Back in the Middle Ages, many Catholics began observing special devotions around a particular theme each month. Today, many families are reviving this practice as part of the way they observe the liturgical calendar at home. By practicing monthly devotions, the core values of the faith will become more alive within your family. The beauty of monthly devotions is that there is no set way to celebrate. So, be creative, make it fun, and adapt your celebration to your own family.
Jesus said, “Among those born of women there has been none greater than John the Baptist”. Each year on June 24 the Catholic Church honors the birth of John by reflecting on his unique role as the precursor of Jesus. The solemnity held on that date praises John as a worthy example of what it means to be a follower of Christ. A solemnity is the most significant feast the Church can establish. While other saints are remembered with feast days to remember their deaths, St. John the Baptist, like Our Lady, is honored with solemnities to recall both his birth and his death.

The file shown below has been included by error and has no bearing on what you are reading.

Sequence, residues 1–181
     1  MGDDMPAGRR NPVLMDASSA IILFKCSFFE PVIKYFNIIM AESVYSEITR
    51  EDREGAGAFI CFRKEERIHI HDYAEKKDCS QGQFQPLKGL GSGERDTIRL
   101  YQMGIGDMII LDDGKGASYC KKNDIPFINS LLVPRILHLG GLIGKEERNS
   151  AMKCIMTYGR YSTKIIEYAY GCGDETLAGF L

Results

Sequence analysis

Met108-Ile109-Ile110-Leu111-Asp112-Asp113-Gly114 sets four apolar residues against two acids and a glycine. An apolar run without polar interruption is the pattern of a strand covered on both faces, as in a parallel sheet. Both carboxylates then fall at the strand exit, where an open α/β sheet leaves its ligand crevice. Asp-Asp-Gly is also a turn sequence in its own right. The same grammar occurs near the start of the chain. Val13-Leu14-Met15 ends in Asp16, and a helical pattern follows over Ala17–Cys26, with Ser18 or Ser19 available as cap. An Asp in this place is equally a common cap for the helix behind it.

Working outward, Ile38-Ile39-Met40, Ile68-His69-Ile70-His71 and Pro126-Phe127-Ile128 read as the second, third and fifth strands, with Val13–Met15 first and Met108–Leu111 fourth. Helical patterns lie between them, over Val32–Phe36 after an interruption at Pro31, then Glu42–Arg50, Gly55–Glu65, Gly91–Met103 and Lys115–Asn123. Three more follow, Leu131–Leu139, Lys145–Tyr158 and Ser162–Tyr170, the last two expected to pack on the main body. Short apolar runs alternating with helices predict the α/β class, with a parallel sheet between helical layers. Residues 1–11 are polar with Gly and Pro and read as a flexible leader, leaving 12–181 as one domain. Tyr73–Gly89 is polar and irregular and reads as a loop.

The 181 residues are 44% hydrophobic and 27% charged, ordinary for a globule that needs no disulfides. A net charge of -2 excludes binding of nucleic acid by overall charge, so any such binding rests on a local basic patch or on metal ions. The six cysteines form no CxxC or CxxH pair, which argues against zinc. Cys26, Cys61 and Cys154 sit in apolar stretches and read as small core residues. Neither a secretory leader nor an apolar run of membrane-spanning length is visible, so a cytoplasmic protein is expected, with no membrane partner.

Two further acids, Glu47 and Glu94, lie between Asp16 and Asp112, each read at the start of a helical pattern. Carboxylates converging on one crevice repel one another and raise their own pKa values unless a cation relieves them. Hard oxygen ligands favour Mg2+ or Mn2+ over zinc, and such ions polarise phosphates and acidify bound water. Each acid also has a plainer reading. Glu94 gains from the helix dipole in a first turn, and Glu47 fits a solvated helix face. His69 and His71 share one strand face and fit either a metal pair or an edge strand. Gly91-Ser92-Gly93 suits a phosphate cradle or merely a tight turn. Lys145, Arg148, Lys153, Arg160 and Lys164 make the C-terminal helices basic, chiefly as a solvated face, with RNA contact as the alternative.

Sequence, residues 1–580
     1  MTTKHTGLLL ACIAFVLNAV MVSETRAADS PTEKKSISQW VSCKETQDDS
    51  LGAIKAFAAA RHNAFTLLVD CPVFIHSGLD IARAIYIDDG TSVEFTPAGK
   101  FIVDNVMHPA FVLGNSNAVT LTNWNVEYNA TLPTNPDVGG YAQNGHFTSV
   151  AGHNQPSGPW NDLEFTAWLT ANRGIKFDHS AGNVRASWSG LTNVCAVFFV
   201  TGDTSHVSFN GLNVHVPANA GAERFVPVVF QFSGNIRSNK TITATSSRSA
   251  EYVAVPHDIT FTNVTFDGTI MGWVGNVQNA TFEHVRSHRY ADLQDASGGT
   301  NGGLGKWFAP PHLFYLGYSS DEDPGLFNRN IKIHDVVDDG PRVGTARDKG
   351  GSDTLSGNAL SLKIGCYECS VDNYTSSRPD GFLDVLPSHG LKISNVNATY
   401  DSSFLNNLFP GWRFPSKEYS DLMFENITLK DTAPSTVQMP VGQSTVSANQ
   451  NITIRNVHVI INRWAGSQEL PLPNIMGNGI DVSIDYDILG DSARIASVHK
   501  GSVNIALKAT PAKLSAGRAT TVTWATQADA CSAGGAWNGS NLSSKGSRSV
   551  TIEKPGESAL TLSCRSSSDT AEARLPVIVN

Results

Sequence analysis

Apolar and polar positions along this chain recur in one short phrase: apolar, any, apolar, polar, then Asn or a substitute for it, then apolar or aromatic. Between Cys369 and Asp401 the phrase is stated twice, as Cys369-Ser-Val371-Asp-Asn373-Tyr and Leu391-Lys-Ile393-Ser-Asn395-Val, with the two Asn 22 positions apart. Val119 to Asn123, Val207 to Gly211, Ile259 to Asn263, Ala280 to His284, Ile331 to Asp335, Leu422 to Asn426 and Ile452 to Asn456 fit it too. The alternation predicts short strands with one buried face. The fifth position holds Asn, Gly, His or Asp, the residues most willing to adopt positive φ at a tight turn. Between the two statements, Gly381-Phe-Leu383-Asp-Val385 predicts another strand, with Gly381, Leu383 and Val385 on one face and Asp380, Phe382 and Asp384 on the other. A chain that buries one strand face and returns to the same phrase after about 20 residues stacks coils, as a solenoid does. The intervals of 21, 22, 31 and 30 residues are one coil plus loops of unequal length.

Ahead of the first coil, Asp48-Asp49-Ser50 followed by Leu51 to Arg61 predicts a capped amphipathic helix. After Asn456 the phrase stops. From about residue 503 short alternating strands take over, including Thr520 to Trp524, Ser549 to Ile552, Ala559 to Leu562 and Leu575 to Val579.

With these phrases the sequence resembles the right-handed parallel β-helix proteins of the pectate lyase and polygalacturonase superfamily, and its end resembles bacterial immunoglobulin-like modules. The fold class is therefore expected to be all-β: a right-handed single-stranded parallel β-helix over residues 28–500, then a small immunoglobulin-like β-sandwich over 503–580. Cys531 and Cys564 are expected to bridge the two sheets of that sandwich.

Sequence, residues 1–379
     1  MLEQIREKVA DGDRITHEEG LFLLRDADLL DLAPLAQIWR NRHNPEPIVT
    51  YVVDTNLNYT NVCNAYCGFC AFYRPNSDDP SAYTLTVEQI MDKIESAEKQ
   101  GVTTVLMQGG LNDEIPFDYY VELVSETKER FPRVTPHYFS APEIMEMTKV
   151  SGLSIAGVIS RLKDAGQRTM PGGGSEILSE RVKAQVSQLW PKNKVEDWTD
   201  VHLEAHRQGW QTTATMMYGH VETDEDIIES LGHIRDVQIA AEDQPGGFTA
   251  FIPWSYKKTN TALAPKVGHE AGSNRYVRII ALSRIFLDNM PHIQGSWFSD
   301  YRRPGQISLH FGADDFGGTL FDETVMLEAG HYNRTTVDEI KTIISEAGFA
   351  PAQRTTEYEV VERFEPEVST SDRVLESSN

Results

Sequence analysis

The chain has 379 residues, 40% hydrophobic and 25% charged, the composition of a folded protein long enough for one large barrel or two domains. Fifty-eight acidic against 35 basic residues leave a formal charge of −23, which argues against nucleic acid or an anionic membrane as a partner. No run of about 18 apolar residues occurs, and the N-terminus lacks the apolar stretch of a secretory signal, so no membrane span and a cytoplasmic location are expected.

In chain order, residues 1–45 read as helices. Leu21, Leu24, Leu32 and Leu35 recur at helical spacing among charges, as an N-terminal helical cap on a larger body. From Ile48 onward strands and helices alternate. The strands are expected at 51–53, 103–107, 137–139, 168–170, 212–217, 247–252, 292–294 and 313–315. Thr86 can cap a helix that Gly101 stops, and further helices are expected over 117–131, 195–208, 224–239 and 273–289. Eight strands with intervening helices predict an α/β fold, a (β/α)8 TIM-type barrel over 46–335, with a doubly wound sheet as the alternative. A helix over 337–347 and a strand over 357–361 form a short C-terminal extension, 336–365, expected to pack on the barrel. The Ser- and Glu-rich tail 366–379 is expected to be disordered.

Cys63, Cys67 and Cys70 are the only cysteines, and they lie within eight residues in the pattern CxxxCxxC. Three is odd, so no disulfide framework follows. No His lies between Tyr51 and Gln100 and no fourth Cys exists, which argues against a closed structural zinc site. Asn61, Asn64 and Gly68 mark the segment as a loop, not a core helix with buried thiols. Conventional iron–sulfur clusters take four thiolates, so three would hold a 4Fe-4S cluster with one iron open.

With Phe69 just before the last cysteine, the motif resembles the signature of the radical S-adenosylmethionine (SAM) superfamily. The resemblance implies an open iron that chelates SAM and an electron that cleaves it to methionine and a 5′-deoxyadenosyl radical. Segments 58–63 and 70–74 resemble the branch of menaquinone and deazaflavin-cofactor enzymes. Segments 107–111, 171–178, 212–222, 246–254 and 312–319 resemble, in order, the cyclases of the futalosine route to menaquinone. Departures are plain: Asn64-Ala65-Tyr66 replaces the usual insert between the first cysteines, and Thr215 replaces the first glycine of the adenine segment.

Among the many glorious feast days of our Catholic faith, Corpus Christi is arguably one of the richest! This is so because of what we’re celebrating — namely, the Body and Blood of Jesus Christ. The Eucharist is the “source and summit of the Christian life” (Catechism of the Catholic Church, No. 1324). It is also so because of the circumstances that led to the proclamation of the feast, which involved a nun, a priest, a bishop and a Eucharistic miracle. Teaching Catholic Kids tells the story.
The Solemnity of the Most Sacred Heart of Jesus falls on the 19th day after Pentecost (a Friday), and the Feast of the Immaculate Heart of the Blessed Virgin Mary follows on the next day. If you’ve heard of devotions to the Sacred Heart of Jesus and the Immaculate Heart of Mary but aren’t quite sure what they’re all about, in the post you’ll find a brief introduction and a few ideas for what your family might do.
Chicago history buffs will tell you that their city was founded in 1790 by a successful trapper and fur trader named Jean Baptiste Point du Sable. Less well known is du Sable’s background — he was black and Catholic. Traditionally, most African Americans have been members of Protestant denominations, yet African-American Catholics have been a presence in this country since the earliest days of settlement, and they have played a fascinating part in the story of America and of the Church in the United States. Read more history in the full post.